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As extremes shape voter ID debate, the rules keep getting stricter

PolitiFact | Efforts to tighten identification requirements for voting, largely driven by Republicans, have accelerated this year in the wake of the 2020 election.
North Carolina election workers check voters' identification on Super Tuesday at a library in Asheville,  on March 8, 2016.
North Carolina election workers check voters' identification on Super Tuesday at a library in Asheville, on March 8, 2016.
Published Aug. 10

If you have to show a photo ID to buy a beer, board a plane or pick up a ticket at will call, shouldn’t you have to show one to cast a ballot? Doesn’t our democratic process deserve at least that level of security?

So goes a familiar argument for voter ID requirements.

The argument on the other side holds that any ID requirements infringe on a sacred civil right, often with partisan or racist effects. A ballot is not the same as a beer, after all.

Such rhetoric suggests the existence of two clear, irreconcilable camps — those who support voter ID laws and those who oppose them, and a stark choice between fraud and racism. Yes-or-no-style polls on the subject feed this perception.

But voting-law specialists say that this overlooks some important nuances in the debate, such as the wide variety of voter ID requirements and verification processes already in place, the low risk of voter fraud, and the support even among voting rights advocates for ID requirements that are flexible enough to accommodate all voters.

One thing is clear: The trend over the past two decades has been toward tighter voter ID requirements. And in the months since the 2020 election, several Republican-run legislatures sympathetic to Donald Trump’s false voter fraud claims have rushed to tighten the rules further, with special scrutiny of mailed and absentee ballots, which tend to be used by Democrats.

In Georgia, for example, a new law requires voters applying for absentee ballots to provide the number from their driver’s license or state ID on the application, or provide another form of ID, such as a utility bill. Then, when voters cast their absentee ballot, they must include the number again, or the last four digits of their Social Security number. If voters don’t have those ID numbers, they have to put a utility bill or some other form of ID in the envelope with the ballot.

Democratic officials and voting rights advocates have criticized these and other laws as overly burdensome, especially for groups who are less likely to have photo ID, including minorities and people with disabilities.

“Every jurisdiction in the United States does something to verify the identity of voters,” said Rick Hasen, a law professor at the University of California-Irvine. “The problem is that some states accept only narrow forms of photographic identification for voting, and for a small subset of people, getting this kind of identification presents a big burden.”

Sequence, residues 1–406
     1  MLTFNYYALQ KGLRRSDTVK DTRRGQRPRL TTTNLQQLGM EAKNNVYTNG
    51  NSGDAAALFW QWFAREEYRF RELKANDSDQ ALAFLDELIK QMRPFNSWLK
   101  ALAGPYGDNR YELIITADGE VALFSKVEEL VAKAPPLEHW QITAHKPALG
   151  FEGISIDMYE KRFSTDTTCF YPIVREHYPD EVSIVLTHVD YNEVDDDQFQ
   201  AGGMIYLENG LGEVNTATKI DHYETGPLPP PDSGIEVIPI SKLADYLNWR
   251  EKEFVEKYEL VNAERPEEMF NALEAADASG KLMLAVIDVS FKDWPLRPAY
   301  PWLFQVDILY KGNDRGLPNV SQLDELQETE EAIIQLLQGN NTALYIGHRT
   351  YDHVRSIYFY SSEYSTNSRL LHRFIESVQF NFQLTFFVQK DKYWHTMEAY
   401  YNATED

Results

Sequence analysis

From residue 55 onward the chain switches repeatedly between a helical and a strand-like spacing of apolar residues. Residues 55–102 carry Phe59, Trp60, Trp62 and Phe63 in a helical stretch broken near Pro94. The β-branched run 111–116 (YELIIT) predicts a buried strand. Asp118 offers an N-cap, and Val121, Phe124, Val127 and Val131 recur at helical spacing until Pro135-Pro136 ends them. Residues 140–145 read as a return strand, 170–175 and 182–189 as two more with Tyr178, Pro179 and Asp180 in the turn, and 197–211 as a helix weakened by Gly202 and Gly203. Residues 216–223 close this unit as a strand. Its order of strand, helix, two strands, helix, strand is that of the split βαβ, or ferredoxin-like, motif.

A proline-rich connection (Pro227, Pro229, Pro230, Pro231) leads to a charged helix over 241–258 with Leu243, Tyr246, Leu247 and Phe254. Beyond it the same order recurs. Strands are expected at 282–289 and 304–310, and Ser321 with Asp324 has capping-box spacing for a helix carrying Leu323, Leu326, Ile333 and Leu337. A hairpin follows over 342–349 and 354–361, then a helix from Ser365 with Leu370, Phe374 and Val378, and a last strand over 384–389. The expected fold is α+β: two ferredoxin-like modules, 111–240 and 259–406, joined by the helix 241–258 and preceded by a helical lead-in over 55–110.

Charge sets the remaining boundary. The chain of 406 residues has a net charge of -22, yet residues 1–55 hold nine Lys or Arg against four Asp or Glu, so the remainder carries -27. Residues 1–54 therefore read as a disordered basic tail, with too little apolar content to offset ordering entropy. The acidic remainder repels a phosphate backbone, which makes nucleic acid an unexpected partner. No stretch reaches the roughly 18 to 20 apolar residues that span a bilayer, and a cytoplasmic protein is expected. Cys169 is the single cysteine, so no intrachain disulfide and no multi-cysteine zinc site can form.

Yet large majorities of Americans, including many Democrats, say they support some form of voter identification, giving politicians a freer hand to keep tightening the rules.

Not all ID requirements are the same

Many industrialized democracies such as Belgium, France, Greece, Italy and Spain provide universal national identity documents that serve a wide variety of purposes, one of which is voter identification. Some countries require no ID to vote, including Denmark, Australia, and New Zealand, while others, such as Canada, allow a lengthy list of IDs to serve the purpose.

The U.S. is different: Each state sets its own requirements. Many allow a wide variety of both photo identification, such as student ID cards, and non-photo IDs, such as utility bills or bank statements that have a current address. States can also choose whether voters who lack any of the approved IDs can instead submit a sworn statement attesting to their identities.

Democrats proposed legislation this year to require states to allow more such workarounds, but it remains stalled.

While it might not be obvious from the heated debates over voter ID laws, advocates for voting access generally agree that ID requirements are acceptable if there are enough options available to voters.

“I think we view voter ID as running on a long spectrum, from those states that are stricter to those that are less strict,” said Sean Morales-Doyle, acting director for voting rights and elections at the Brennan Center for Justice at New York University’s law school, one of the leading voices against efforts to curtail access to voting.

The shorter the list of acceptable IDs gets, he said, “the more concerned we are.”

The National Conference of State Legislatures has divided up the states that have voter ID laws into two groups: those with strict ID laws and those with non-strict laws.